Other architectural styles that can be found in the Pasadena area are the Revival, Colonial, Neo-Classical, and Post-Modern.
Revival – Includes Gothic, Tudor, Spanish, and Georgian styles. Revivalism in architecture represents the use of styles that visually and consciously echo the style of a previous architectural era. There were a number of architectural revivalist movements in the United States in the 19th and early 20th centuries.
Colonial – Colonial style (also known as Colonial Revival, Neocolonial, Georgian Revival or Neo-Georgian) sought to follow the American colonial architecture of the period around the Revolutionary War. The Centennial Exhibition of 1876 reawakened Americans to their colonial past, and the movement gained momentum in the 1890’s. During post-WWII years, Colonial style elements were merged with the popular ranch-style house design – though Colonial homes were typically two stories. Features borrowed from the colonial period include elaborate front doors, evenly-spaced windows flanking the front entrance, five windows on the second floor, paired chimneys, columned porches, and a stairway that is directly behind the entry door.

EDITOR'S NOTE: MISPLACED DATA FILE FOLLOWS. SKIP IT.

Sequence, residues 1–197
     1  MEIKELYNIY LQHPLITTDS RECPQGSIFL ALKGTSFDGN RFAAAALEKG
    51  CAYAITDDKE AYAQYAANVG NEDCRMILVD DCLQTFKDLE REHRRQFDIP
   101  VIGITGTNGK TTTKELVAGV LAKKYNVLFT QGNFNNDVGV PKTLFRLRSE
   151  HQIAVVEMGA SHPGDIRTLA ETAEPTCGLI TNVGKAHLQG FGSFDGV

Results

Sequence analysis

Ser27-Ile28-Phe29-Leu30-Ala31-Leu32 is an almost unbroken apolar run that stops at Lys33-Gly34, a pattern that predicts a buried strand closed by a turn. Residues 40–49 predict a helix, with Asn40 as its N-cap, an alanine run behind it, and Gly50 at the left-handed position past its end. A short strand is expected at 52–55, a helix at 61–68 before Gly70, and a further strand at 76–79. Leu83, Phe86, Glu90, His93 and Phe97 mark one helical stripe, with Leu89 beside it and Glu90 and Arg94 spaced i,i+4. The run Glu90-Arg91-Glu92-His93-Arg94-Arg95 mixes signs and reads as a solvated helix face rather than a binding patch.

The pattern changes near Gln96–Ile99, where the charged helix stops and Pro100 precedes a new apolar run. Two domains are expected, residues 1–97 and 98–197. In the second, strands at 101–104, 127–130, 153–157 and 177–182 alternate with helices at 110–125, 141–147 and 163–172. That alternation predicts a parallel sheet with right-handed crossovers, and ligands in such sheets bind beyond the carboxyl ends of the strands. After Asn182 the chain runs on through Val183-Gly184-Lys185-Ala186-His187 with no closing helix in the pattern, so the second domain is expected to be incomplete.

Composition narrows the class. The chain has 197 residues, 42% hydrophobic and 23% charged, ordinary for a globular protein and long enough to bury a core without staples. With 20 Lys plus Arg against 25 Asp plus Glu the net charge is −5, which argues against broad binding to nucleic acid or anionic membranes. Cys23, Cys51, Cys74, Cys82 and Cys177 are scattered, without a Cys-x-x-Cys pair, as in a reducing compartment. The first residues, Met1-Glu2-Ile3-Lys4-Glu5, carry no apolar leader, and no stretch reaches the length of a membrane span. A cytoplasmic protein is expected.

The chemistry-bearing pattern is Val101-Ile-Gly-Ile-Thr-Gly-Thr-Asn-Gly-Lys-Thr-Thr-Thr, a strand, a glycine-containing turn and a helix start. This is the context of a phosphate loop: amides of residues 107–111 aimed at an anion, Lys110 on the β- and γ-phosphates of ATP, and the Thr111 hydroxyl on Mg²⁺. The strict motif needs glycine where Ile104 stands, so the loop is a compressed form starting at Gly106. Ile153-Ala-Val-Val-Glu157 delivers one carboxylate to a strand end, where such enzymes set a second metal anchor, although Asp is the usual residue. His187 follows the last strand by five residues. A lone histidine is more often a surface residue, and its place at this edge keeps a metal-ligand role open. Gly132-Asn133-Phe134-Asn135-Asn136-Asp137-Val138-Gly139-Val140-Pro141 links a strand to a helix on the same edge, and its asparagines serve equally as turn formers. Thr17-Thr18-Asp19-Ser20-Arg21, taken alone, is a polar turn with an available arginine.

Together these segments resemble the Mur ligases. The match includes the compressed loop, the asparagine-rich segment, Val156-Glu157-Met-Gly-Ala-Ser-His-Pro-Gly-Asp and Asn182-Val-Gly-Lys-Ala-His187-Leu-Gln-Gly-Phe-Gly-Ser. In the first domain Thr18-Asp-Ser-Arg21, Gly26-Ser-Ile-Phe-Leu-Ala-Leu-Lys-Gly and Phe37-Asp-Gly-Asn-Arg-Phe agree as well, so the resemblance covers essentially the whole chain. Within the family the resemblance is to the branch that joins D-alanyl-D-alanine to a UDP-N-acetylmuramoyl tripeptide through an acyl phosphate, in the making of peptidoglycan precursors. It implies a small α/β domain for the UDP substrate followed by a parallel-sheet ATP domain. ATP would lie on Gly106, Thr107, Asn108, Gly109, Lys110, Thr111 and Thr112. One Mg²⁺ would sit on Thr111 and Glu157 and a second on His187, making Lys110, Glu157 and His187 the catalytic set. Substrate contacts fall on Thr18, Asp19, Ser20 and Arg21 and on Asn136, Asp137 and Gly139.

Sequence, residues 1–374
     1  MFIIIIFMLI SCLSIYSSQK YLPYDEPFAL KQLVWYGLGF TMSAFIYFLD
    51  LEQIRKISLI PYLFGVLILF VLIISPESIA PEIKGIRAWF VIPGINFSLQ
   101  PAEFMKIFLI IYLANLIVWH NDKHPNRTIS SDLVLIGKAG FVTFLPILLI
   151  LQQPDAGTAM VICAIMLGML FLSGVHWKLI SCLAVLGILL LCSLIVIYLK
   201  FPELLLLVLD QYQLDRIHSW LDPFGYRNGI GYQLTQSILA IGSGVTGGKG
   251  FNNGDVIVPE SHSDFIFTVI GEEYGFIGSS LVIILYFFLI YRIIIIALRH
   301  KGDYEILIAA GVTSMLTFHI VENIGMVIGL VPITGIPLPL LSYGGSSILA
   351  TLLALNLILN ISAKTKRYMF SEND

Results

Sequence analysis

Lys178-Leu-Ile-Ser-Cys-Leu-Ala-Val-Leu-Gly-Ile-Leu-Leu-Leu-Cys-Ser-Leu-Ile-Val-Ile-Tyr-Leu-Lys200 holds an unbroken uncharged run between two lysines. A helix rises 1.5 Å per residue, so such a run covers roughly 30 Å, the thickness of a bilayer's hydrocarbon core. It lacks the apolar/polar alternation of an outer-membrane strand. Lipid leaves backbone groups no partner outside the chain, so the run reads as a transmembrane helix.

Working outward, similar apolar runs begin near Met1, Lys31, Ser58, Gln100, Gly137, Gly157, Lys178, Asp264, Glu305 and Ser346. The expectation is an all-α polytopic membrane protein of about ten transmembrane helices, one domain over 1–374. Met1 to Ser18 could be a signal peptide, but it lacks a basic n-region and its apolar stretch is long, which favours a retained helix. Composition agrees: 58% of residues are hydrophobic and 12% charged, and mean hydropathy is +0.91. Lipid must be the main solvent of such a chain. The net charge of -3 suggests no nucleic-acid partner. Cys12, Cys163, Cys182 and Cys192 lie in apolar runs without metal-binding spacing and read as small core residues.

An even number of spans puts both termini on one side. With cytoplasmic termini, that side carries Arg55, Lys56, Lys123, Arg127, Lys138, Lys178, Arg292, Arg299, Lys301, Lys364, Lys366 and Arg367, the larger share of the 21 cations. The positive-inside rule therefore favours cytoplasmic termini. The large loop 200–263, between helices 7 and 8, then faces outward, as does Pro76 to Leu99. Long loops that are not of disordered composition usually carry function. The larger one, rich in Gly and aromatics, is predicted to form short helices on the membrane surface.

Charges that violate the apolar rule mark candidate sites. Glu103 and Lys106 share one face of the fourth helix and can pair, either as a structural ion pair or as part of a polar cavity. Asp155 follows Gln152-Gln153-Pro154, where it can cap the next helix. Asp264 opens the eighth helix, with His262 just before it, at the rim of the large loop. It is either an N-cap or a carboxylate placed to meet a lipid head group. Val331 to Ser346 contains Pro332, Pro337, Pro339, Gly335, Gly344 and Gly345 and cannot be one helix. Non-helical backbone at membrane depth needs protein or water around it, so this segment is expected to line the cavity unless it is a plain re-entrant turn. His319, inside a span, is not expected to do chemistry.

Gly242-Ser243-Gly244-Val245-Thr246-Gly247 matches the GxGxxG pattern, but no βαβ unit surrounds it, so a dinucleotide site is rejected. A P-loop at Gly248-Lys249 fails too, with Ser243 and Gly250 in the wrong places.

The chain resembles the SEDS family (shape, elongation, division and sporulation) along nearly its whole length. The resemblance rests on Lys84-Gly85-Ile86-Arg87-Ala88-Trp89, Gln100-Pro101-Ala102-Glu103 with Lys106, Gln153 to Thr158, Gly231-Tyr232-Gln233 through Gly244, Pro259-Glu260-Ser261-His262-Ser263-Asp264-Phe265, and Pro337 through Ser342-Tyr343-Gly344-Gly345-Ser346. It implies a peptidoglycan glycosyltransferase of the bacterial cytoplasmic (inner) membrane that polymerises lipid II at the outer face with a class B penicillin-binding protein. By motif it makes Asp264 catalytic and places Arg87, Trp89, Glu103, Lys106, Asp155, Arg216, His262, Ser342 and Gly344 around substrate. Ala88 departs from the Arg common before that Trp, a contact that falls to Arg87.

Neo-Classic – Neoclassical architecture describes buildings that were inspired by the classical architecture of ancient Greece and Rome. Neoclassicism was one expression of the American Renaissance movement, which occurred around 1880-1917. The movement reflected a desire to return to the perceived “purity” of the arts of Rome, and the “ideals” of Greek art. Its projections and recesses and their effects of light and shade were more flat, and sculptural bas-reliefs tended to be enframed in friezes, tablets or panels.
Post-Modern – Postmodern architecture began as an international style in the 1950’s, but did not become a movement until the late 1970’s. There is a sort of “anything goes” attitude associated with postmodern architecture, as some architects turned away from modern Functionalism which they viewed as boring. These architects turned towards the past, melding past elements to create new designs by adapting classical features rather than simply reproducing them. Functional and formalized shapes and spaces were replaced by diversity: styles collide, form is adopted for its own sake, and unconventional ways of viewing familiar styles dominate. Featured are: ornament, color, decoration, unexpected additions or color schemes. The finished product reflects a home or building that is aesthetically pleasing, highly functional, cohesive and sustainable.